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How to Read a Dog Food Label

Reading nutrition labels is important when choosing dog food. WebMD shows you how.
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3. What are all those chemical-sounding names lower on the ingredient list?

Preservatives, artificial colors, and stabilizers in pet food must be either approved by the FDA or be generally recognized as safe, a category that includes everything from high fructose corn syrup to benzoyl peroxide, used to bleach flours and cheese.  Manufacturers must list the preservatives they add, but they do not always list preservatives in ingredients such as fish meal or chicken that are processed elsewhere.

Some pet owners don't want to buy food that contains the synthetic preservatives BHA (butylated hydroxyanisole), BHT (butylated hydroxytoluene), or ethoxyquin. These preservatives stop fats from turning rancid and can keep dry dog food fresh for about a year, but their safety has been questioned by some consumers and scientists. But the FDA says they’re safe at the level used in dog food.

“There is a debate about whether there is a need to avoid artificial ingredients like these, as conventional safety testing says they’re fine,” says Susan Wynn, DVM, AHG, a nutritionist for Georgia Veterinary Specialists in the Atlanta area and a clinical resident in small animal nutrition with the University of Tennessee College of Veterinary Medicine. “I wouldn’t want them in my diet every day though, and I try to avoid them in my dog’s daily diet.”

Ethoxyquin came under scrutiny in the 1990s after complaints of skin allergies, reproductive problems, cancer, and organ failure in some dogs given food with this preservative. In 1997, the FDA asked dog food makers to halve the maximum allowed amount of ethoxyquin after tests conducted by manufacturer Monsanto Company showed possible liver damage in dogs fed high levels of the preservative.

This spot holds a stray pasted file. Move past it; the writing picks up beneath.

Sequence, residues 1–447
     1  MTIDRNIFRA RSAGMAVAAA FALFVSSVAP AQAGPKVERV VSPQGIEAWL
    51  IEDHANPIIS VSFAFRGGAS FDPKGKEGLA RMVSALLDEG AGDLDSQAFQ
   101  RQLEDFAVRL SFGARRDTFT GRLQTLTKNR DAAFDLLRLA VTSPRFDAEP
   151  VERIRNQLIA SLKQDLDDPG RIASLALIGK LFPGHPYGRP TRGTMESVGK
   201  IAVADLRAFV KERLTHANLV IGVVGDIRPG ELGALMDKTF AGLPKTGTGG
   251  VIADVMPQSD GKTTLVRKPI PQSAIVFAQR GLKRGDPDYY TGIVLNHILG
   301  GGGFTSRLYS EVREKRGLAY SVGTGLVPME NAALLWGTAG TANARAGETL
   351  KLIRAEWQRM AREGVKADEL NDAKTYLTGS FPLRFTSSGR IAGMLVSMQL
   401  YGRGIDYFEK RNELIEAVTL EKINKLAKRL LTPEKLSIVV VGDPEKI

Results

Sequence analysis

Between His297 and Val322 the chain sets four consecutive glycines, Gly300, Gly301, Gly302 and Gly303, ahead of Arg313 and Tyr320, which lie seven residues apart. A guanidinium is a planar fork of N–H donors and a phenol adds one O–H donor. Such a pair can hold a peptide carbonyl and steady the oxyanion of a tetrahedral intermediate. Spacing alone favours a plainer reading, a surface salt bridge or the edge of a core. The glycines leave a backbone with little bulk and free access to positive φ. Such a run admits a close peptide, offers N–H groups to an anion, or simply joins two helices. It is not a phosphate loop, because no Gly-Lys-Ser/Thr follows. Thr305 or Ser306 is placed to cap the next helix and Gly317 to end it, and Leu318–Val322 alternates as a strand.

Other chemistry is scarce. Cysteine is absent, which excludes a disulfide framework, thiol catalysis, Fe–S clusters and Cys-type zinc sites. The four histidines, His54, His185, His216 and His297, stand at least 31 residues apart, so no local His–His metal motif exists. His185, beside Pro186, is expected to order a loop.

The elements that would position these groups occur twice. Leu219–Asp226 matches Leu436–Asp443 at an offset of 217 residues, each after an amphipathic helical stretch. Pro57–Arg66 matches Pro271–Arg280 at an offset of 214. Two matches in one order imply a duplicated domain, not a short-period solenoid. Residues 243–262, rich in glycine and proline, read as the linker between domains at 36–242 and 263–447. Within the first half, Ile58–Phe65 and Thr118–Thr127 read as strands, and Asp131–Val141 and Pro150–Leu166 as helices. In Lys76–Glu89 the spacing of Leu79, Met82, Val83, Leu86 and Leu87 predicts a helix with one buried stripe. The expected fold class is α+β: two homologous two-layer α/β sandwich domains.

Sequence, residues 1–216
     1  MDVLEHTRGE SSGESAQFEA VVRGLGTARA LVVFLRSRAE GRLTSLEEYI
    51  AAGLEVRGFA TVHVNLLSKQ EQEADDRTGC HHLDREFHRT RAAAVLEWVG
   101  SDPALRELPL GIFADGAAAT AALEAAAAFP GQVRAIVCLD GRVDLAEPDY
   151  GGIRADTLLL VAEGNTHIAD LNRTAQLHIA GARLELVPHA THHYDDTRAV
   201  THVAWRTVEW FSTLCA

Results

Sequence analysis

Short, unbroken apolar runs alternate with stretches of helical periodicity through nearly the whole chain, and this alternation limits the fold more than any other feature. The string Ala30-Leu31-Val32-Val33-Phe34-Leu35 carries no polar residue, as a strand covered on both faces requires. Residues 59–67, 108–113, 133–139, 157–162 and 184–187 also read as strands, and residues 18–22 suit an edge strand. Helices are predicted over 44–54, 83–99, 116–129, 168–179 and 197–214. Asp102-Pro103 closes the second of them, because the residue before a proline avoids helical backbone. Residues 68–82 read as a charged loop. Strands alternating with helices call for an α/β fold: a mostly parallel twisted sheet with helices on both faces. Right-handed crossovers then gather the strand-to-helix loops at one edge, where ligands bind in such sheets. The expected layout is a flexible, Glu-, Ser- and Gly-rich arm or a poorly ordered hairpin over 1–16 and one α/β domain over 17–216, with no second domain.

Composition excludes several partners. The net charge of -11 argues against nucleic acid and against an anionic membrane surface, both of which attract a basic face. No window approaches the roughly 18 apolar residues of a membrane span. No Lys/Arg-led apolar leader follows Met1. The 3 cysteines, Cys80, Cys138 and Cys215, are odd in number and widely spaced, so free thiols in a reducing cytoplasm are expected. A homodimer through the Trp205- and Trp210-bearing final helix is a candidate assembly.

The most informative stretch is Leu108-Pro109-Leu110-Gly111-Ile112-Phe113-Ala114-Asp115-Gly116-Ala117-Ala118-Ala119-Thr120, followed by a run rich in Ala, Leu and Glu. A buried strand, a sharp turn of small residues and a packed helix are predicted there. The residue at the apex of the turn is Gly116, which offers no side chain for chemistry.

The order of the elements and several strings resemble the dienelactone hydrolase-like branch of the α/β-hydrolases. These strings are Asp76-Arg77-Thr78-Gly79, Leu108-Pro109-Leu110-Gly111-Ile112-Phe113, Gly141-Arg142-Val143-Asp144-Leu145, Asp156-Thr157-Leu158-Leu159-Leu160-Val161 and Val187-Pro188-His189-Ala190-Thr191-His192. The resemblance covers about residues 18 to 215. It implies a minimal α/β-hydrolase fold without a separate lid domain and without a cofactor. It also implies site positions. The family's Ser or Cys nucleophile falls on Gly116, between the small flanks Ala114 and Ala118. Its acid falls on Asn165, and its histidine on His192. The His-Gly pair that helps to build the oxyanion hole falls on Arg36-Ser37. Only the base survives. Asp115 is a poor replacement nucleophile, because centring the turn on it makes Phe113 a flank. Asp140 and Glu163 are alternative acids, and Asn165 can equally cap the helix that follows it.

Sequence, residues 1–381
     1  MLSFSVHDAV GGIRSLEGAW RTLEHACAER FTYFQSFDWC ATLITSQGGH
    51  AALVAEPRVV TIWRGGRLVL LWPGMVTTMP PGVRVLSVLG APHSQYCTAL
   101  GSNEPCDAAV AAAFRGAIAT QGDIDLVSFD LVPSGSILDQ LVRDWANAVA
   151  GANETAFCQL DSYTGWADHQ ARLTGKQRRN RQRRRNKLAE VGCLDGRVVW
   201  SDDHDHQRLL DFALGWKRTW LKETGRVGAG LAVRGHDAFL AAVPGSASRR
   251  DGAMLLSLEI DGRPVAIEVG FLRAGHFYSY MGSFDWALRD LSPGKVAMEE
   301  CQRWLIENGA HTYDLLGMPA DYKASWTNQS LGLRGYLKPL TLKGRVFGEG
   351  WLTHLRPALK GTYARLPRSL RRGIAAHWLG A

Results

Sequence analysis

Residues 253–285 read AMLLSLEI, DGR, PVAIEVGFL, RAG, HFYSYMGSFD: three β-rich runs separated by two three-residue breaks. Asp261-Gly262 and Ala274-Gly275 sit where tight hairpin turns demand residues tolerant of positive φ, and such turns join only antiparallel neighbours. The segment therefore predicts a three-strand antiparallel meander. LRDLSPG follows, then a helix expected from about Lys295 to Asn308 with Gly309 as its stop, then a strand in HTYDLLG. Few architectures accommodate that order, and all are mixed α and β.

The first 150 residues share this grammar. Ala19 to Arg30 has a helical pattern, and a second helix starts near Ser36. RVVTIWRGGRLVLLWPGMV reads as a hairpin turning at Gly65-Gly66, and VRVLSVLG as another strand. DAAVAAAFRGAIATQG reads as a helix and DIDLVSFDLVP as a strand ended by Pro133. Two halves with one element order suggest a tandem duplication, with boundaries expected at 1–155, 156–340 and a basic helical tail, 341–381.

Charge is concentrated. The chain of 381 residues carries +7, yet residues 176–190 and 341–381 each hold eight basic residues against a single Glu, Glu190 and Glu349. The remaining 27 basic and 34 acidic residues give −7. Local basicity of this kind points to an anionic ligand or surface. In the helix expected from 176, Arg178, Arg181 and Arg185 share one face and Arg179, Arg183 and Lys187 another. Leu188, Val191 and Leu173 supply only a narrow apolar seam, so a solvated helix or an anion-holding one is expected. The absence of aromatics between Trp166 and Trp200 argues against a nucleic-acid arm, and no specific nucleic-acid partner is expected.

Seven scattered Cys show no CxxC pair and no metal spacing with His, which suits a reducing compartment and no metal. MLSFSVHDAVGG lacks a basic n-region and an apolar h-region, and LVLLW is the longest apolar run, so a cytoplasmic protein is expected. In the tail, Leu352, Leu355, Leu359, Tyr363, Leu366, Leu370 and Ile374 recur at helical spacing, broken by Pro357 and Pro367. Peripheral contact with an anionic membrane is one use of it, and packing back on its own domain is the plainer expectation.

Some manufacturers no longer use ethoxyquin, BHA, or BHT, instead using natural preservatives such as vitamin E (mixed tocopherols), vitamin C (ascorbic acid), and extracts of various plants, such as rosemary. Those also keep food fresh, but for a shorter period.  Be sure to check a food’s “best by” date on the label before buying or feeding it to your pet.

“If you want shelf life, it’s better to have chemical preservatives,” says Joseph Wakshlag, DVM, PhD, assistant professor of clinical nutrition at Cornell University College of Veterinary Medicine. “They’re added at amounts that won’t harm the dog, and it creates a more stable fat. Rancid fat can cause liver enzymes to go up, and diarrhea.”

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